Playing along with the farce
I’m not saying I will, but I could go on for hours escorting the reader–forcibly, if necessary–back and forth across the Paris-Chinese border. I happen to regard the Laughing Man as some kind of super-distinguished ancestor of mine–a sort of Robert E. Lee, say, with the ascribed virtues held under water or blood. And this illusion is only a moderate one compared to the one I had in 1928, when I regarded myself not only as the Laughing Man’s direct descendant but as his only legitimate living one. I was not even my parents’ son in 1928 but a devilishly smooth imposter, awaiting their slightest blunder as an excuse to move in–preferably without violence, but not necessarily–to assert my true identity. As a precaution against breaking my bogus mother’s heart, I planned to take her into my underworld employ in some undefined but appropriately regal capacity. But the main thing I had to do in 1928 was watch my step. Play along with the farce. Brush my teeth. Comb my hair. At all costs, stifle my natural hideous laughter.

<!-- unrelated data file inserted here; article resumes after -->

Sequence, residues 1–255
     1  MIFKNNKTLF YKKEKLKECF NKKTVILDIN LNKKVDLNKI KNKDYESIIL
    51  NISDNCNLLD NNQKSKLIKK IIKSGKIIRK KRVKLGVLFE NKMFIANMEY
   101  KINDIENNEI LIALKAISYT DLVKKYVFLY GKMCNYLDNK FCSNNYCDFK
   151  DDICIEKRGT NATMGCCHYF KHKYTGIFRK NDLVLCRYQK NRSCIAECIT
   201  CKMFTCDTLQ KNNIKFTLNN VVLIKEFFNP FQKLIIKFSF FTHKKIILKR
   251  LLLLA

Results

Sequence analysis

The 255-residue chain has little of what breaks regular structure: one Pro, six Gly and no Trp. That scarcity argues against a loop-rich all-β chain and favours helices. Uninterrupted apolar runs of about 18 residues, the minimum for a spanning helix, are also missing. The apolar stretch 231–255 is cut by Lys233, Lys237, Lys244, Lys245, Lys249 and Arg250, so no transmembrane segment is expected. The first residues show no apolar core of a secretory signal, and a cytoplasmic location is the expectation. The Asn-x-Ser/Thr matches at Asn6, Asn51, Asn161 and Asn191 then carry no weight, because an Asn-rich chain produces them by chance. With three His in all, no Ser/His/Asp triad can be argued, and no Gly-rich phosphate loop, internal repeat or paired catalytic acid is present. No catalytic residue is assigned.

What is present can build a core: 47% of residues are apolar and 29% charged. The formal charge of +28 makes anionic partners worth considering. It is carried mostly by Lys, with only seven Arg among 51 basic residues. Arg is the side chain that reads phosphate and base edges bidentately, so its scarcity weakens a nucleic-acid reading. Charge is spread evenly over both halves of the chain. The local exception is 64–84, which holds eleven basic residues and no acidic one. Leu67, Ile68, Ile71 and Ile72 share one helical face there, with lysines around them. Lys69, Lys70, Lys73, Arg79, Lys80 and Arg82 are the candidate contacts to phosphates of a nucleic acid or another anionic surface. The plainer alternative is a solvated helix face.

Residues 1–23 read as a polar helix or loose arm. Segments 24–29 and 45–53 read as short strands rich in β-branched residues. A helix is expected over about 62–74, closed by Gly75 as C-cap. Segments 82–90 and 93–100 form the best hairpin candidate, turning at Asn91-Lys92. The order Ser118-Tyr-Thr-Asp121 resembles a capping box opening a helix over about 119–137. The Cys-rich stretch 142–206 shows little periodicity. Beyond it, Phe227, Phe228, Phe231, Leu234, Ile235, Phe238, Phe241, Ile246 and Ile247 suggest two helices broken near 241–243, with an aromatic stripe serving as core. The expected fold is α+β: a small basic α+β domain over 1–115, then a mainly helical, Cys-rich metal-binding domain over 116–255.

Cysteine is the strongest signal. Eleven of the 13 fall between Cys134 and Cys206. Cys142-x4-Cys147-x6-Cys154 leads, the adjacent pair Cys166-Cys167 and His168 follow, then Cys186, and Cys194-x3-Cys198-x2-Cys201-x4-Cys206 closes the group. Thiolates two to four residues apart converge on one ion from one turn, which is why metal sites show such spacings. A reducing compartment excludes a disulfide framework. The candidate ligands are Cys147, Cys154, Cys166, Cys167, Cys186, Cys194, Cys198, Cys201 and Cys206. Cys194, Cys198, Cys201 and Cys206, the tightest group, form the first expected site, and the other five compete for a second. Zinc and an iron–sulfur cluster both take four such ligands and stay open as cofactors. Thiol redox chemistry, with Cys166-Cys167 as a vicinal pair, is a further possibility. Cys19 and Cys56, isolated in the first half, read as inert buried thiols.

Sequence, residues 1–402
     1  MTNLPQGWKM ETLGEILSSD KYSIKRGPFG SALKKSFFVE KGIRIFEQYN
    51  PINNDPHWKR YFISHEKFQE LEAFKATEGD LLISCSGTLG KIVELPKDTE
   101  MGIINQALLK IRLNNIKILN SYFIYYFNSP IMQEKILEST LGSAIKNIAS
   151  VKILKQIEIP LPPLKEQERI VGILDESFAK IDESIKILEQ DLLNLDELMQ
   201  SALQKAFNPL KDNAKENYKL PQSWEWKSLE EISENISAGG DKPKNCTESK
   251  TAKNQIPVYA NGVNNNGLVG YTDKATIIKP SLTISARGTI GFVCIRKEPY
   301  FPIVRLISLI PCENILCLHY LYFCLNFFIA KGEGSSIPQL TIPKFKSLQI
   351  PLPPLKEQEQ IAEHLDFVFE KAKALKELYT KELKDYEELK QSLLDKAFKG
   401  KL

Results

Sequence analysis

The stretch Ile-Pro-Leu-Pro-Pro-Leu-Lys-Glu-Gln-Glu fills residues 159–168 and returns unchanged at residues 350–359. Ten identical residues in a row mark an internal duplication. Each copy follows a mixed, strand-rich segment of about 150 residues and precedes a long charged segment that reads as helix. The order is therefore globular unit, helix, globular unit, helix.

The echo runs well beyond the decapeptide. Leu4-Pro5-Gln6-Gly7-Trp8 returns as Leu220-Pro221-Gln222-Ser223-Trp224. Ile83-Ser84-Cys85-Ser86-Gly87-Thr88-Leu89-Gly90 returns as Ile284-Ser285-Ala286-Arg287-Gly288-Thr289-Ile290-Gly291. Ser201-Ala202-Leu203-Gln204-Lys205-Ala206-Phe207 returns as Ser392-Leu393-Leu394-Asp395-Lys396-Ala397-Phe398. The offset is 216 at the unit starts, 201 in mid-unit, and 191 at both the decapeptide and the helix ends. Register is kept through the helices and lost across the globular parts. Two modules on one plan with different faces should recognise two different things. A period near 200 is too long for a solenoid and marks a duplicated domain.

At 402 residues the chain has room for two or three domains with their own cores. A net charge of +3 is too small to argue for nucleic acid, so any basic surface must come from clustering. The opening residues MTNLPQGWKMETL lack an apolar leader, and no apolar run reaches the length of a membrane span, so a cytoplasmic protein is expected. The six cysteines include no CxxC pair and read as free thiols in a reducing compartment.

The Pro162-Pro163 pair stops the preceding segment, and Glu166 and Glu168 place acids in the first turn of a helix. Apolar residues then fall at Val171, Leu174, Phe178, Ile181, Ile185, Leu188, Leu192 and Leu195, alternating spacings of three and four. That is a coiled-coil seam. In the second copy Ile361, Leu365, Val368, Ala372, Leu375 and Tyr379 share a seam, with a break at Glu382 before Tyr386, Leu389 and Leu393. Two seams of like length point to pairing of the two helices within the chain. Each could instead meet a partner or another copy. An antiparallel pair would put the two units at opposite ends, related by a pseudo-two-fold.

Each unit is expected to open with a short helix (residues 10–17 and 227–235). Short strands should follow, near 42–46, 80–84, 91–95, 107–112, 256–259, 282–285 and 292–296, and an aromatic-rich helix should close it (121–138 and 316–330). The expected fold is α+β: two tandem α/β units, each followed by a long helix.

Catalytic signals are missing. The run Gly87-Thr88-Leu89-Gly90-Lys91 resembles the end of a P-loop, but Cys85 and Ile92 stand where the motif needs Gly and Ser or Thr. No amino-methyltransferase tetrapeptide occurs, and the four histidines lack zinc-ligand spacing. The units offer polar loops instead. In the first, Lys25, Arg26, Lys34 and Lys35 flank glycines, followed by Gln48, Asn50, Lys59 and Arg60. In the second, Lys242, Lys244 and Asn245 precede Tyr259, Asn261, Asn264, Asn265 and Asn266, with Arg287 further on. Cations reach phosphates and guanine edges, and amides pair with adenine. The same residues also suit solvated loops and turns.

–J.D. Salinger, The Laughing Man